CCRC in the News: What to do if your sister-in-law is complaining about her husband — your brother
3:00 PM15:00

CCRC in the News: What to do if your sister-in-law is complaining about her husband — your brother

CCRC founder & president, Josh Hetherington, LMFT, is quoted in this Chicago Tribune article by Christen A. Johnson about how to navigate your tricky relationship with your brother’s wife.

Your sister-in-law often vents to you about her husband — your brother. It makes you feel two-faced and guilty. How do you redirect the conversation but still make her feel supported?

A: Don't be a go-between. Directness is better. Avoiding conflicts doesn't usually help a relationship.

Be direct with your sister-in-law. Say, “I'm glad you're married to my brother. He can be a pain in the butt sometimes, but I love him, and I want you both to feel I support your relationship. When you vent to me, I feel guilty about it. I don't want to trash him, but I do want to support you. Know that I want to help, but ultimately I hope you guys can work on whatever it is you're struggling with together.”

Or you may need to pull yourself out completely. You can say, "It sounds as if you've got some complaints about Bill. He's not perfect, but you're not going to solve anything by talking to me about it. Go talk to him."

— Josh Hetherington, licensed marriage and family therapist

A: Redirect the conversation when it feels as if it’s crossing a line by asking about other parts of your sister-in-law’s life or using humor to change the subject. You can even mock your own discomfort about the situation.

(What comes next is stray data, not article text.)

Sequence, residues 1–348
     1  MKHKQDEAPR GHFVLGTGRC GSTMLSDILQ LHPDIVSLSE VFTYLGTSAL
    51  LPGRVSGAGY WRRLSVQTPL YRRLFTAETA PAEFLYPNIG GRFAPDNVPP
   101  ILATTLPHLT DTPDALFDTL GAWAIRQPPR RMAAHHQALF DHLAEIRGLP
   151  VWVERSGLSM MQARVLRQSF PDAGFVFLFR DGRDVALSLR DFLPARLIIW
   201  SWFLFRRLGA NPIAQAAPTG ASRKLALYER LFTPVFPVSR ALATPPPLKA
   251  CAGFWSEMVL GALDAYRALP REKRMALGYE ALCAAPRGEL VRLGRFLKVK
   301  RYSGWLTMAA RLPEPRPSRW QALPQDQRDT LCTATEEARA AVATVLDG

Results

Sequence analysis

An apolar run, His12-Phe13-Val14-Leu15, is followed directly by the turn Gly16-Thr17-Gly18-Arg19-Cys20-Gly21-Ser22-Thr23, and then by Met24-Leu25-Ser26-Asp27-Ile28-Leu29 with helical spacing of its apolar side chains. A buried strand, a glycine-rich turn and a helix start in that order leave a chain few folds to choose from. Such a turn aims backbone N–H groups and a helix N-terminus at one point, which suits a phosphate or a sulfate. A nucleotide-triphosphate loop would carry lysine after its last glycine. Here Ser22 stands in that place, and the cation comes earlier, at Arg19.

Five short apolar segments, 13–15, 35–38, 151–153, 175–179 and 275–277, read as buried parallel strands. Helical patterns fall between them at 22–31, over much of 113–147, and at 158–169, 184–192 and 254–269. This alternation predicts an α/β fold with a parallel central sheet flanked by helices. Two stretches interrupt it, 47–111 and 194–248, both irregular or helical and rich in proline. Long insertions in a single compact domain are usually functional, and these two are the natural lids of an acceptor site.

Model boundaries to your sister-in-law. Talk about your partner in ways that you would be comfortable hearing about your brother. For example, share how great a cook your husband is. Highlight the positives, and you’ll encourage your sister-in-law to see the positives in her own relationship.

Establish a boundary. Say, “I am so grateful that we have a close relationship. I want us to always talk to each other, but I feel uncomfortable when we discuss intimate information about my brother.” Use “I” statements, so that she knows the discomfort is on you and it’s not that her feelings are invalid.

You can also help her find better places to vent about her husband, like other women friends or support groups.

— Kristina S. Brown, licensed marriage and family therapist

Twitter @christenadot_

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9:00 AM09:00

Understanding female sexual desire: Implications for clinical practice

Jennifer McComb, PhD, LMFT, CST is a licensed marriage and family therapy and a certified sex therapist by the American Association of Sexuality Educators Counselors and Therapists (AASECT). She is adjunct faculty at the Family Institute at Northwestern University. Jennifer has a private practice in Evanston that is focused on the treatment of sexual concerns.

This two-hour didactic and interactive workshop will provide participants with an overview of current models of female sexual desire and the implications for clinical practice. Participants will learn about how sexual desire issues impact couple relationships, how to explore these concerns with clients and basic intervention strategies. Case examples will be used throughout the presentation to facilitate application of the material.

Register by clicking the email link and providing your name and preference for CEUs ($20 for 2 LMFT CEUs, $5 for no CEUs)

To Register, click here to email Josh Hetherington




We look forward to seeing you there!

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